That’s also what I like about the next image, shot three months or so later, in Walvis Bay in Namibia, during my Complete Namibia Tour. We were treated with a beautiful morning mist that I’d expected to burn off quite quickly but which actually hung around for over an hour. The very pale pink of the flamingoes against the mist and water in this highly diffused morning sunlight was lovely to watch and photograph.

Flamingoes in the Mist
Flamingoes in the Mist

The reflections were a little bit ripply but defined enough to form a pleasing additional dimension that basically disappears if the wind gets up any higher. The mist was again cutting out a lot of light, forcing me to work at ISO 5000 for this image for an 1/800 of a second at f/10. I like to keep a reasonably small aperture for these shots, as the depth of field is too shallow for multiple subjects if you open it up much more than this.

At the end of the same day, we were back out on the beach, enjoying the fact that the EOS R has an articulated LCD so that I could drop the camera down literally to water level to capture the beautiful salmon pink tones of the setting sun behind the flamingoes that were gathering in larger numbers now to spend the night in a group.

Heads-up! Sun-Down
Heads-up! Sun-Down

Also gaining protection from being in groups, the Zebra in the Etosha National Park played a large part in my photography last year. I love this shot of a young zebra merged into his dazzle doing just that as they made their way across the planes. This area was a rarity with a reasonable amount of vegetation, albeit very dry. Most of the rest of the park was very baron in 2019 as the country struggled with a particularly bad drought.

Infant Zebra
Infant Zebra

I love taking my zebra shots into black and white, as I think it helps us to concentrate on the graphic appeal of these beautiful black and white Equidae. That’s just a lucky bonus for the photographer really, but of course, the zebra need their stripes to confuse the likes of this guy in my next photo.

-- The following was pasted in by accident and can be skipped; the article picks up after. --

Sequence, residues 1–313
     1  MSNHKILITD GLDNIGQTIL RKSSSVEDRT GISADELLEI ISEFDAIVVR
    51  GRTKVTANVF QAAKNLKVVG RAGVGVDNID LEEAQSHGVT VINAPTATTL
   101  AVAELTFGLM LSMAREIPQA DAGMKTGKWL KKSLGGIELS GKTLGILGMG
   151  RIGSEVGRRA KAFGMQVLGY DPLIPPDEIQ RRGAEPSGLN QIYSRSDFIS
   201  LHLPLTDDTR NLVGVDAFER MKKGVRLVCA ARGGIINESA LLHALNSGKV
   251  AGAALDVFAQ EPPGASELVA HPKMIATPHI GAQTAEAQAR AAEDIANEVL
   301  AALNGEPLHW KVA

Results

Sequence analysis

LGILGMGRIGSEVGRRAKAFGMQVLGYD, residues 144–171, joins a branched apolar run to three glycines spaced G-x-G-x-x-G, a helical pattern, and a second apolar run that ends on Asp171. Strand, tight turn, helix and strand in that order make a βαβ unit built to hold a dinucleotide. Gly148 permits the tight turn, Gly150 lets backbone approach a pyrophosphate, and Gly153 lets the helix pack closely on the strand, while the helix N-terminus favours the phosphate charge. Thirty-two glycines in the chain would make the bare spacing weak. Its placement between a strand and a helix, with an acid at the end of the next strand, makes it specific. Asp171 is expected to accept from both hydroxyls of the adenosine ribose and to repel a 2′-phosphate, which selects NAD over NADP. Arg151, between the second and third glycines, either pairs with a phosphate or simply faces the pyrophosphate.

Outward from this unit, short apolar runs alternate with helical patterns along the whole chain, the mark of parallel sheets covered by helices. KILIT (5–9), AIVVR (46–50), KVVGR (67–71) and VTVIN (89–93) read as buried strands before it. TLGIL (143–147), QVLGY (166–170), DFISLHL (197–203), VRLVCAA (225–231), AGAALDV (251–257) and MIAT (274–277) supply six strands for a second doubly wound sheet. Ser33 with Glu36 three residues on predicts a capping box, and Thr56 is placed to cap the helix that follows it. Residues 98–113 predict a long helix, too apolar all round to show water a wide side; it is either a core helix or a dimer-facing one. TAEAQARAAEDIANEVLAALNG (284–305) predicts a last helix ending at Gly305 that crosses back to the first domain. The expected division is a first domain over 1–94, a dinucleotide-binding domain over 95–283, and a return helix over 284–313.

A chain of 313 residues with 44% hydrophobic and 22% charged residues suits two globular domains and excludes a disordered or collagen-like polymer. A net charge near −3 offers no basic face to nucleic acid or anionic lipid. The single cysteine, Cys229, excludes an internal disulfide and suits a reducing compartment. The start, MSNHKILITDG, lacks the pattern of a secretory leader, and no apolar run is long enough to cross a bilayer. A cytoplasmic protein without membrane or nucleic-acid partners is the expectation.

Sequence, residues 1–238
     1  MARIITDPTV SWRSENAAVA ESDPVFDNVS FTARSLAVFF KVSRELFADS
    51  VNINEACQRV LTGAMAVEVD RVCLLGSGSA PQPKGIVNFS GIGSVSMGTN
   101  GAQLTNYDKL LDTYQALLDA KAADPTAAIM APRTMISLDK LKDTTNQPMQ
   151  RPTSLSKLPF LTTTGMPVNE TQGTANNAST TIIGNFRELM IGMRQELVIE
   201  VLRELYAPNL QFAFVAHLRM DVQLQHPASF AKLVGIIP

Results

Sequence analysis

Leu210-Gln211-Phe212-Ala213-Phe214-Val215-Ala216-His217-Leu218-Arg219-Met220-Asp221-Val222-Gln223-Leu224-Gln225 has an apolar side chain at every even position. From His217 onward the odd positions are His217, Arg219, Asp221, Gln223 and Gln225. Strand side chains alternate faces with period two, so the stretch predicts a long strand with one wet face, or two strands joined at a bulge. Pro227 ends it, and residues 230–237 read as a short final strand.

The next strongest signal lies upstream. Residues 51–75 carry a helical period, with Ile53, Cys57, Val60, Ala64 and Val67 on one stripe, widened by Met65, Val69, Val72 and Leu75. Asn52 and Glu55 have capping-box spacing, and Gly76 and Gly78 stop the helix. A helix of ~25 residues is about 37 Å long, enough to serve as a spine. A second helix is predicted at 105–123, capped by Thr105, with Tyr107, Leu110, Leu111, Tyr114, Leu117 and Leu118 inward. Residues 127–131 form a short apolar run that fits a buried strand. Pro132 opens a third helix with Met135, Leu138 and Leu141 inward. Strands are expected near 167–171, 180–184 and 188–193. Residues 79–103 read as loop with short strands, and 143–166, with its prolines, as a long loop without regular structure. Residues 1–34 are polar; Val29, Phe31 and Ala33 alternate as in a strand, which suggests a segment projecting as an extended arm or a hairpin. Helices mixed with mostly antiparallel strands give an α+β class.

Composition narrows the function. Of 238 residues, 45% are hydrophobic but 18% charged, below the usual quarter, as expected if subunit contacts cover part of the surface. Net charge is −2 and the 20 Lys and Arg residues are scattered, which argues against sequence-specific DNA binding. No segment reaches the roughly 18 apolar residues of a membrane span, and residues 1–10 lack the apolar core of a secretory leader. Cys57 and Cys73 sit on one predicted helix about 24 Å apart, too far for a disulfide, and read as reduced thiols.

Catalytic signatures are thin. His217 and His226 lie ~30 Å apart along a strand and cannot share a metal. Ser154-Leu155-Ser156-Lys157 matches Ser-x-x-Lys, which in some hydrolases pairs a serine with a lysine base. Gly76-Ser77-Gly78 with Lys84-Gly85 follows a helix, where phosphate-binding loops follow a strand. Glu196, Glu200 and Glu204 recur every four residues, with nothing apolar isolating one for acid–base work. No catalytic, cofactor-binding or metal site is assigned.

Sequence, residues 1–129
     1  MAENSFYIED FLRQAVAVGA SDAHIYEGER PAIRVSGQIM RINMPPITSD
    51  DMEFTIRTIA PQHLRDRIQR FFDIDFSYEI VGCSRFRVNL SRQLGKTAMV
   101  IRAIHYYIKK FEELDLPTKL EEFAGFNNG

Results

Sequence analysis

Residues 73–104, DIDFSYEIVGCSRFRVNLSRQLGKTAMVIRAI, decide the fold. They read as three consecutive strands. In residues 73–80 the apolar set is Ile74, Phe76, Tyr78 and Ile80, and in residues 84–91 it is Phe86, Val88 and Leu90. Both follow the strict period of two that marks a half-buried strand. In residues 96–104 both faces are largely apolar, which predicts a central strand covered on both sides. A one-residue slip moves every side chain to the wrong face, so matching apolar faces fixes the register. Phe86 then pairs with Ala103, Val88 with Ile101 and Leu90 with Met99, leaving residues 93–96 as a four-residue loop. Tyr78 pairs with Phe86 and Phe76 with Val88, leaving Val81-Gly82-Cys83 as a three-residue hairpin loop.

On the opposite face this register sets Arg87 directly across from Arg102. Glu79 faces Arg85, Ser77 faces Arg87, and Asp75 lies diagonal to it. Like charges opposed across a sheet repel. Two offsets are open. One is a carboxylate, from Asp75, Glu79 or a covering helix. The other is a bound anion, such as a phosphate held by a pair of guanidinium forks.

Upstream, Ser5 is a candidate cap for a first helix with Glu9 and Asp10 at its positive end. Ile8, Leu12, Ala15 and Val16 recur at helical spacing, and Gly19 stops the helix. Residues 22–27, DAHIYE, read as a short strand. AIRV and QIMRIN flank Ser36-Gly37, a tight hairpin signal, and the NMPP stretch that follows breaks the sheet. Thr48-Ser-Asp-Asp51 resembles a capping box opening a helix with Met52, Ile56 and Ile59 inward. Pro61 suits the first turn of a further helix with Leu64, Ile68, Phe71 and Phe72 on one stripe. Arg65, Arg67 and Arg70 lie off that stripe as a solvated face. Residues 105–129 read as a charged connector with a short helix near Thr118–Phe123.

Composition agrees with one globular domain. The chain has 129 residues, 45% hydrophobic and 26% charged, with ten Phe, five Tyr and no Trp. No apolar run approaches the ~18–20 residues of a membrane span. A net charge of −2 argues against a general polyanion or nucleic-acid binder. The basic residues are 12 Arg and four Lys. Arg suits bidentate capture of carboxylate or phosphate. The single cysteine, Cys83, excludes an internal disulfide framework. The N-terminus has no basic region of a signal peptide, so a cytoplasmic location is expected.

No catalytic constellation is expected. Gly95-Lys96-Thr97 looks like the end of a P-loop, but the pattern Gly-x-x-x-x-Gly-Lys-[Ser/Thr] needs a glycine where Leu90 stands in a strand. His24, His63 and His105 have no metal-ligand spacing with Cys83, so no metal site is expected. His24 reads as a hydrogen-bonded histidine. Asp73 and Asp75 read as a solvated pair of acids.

I have had this image as the desktop background on my iMac Pro for most of the last six months since returning from Namibia, and absolutely love the serenity of this lion as he snoozes in the morning sun, also in the Etosha National Park, Namibia. I find it amazing that these animals are so similar to their cousins that share houses with millions of humans the world over, despite them weighing probably 80 to 100 times more than those cousins.

The Lion Sleeps Today
The Lion Sleeps Today

Still, it’s always a privilege to get so close to these magnificent big cats, and I was particularly happy that this guy was on a slope, allowing me to get a shot from a vehicle that looks like I’m much lower. This is a special bonus in Etosha as you aren’t allowed out of the vehicle at all. You might think that getting out of the vehicle around lions is not a good idea anyway, but that makes me recall having to get out and push our car out of the sand when we got stuck leaving the dry Hoanib Riverbed a number of years ago, while listening to the lions behind the vehicle, hoping that they preferred the taste of the giraffe they were feeding on to overweight humans.